Regards,
    Longstreet

    Comment


    • #3
      One of the main reasons DA encourages us to make lists is so that we stop trying to hold everything in our head. He says that some of his best projects were executed without reference to any lists whatsoever. His lists were effectively the safe into which he entrusted all of the things that he did not want to have distracting him.

      Your wife probably has reached the “unconscious competence” phase of her job – she just knows what to do. She is on cruise control. The work life of a magazine editor can feature a generous helping of panic and stress, but it is essentially a cyclical operation.

      Originally posted by DM
      I, on the other hand, make lists and I wonder how often I put things on lists that I could just do. I think I get a false sense of closure when I put an NA on a list.
      See the two minute rule.

      Also, the first time I did a thorough review of all my open loops, I experienced a sense of relief that was like being born all over again. I did notice that I was reluctant to re-engage with all the stuff I had written down, because I associated it with the huge stress that I had been experiencing. Worse, I began to let some projects drift.

      If you carry out our weekly review, you will get at least one reminder in any week of what you may have forgotten.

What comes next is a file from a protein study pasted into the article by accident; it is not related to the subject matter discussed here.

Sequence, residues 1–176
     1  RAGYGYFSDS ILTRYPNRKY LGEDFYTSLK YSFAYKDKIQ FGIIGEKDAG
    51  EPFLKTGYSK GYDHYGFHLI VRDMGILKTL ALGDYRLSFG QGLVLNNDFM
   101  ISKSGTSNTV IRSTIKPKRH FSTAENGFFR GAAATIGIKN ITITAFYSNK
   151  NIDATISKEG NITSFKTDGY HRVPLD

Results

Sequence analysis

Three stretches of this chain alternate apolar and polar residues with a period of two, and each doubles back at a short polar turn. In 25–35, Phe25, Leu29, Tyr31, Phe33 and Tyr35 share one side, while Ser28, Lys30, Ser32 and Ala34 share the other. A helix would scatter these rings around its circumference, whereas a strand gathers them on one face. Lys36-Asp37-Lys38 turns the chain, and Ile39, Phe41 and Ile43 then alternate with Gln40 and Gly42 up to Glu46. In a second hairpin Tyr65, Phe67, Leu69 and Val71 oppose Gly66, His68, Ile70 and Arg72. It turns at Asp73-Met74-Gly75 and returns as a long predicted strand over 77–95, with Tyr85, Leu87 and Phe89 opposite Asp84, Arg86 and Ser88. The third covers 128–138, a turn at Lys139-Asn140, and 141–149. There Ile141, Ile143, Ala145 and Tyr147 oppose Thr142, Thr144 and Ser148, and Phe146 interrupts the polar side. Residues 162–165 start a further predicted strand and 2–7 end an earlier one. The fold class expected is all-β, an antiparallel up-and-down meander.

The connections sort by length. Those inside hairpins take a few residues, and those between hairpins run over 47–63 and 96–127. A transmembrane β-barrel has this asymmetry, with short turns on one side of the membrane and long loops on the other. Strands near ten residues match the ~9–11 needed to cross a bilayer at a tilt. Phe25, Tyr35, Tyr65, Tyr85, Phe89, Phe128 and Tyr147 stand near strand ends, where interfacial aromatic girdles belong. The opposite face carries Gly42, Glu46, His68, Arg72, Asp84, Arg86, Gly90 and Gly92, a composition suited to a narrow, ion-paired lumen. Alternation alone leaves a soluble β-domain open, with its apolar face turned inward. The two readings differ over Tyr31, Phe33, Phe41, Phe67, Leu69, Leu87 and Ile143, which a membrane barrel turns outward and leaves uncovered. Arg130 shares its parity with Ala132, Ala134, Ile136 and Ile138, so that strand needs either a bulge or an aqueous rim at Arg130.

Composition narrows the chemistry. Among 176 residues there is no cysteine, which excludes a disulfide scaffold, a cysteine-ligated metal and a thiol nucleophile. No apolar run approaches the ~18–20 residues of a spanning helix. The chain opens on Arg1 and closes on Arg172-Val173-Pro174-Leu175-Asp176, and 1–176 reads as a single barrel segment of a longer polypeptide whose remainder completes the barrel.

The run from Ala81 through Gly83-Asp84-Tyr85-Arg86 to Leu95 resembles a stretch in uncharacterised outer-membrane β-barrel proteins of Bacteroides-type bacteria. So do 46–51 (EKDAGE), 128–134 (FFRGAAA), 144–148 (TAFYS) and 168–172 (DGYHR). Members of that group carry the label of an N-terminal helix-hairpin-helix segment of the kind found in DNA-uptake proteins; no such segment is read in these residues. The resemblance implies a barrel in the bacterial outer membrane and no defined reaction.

Also, if you are getting a sense of closure, it probably indicates that the thing is not too urgent, and that the main thing you wanted to do was just get it off your mind and park it somewhere. If the thing was urgent, it is unlikely that you would experience a sense of closure!

      Pick one project, and really go for it with your cleaned out, tuned up brain. When you get one item knocked off in this way, you will experience momentum. Attacking your lists with a clear mind and a sense of momentum is a really nice way to work. (Don’t forget, GTD properly executed is an excellent procrastination buster).

      Originally posted by DM
      I also wonder if putting an NA on a list takes that thing off our mind when it shouldn’t. In other words, I know successful people spend a lot of time thinking about what they are trying to do. I tend to use GTD to get things off my mind. I then resist looking at the lists! They're too big.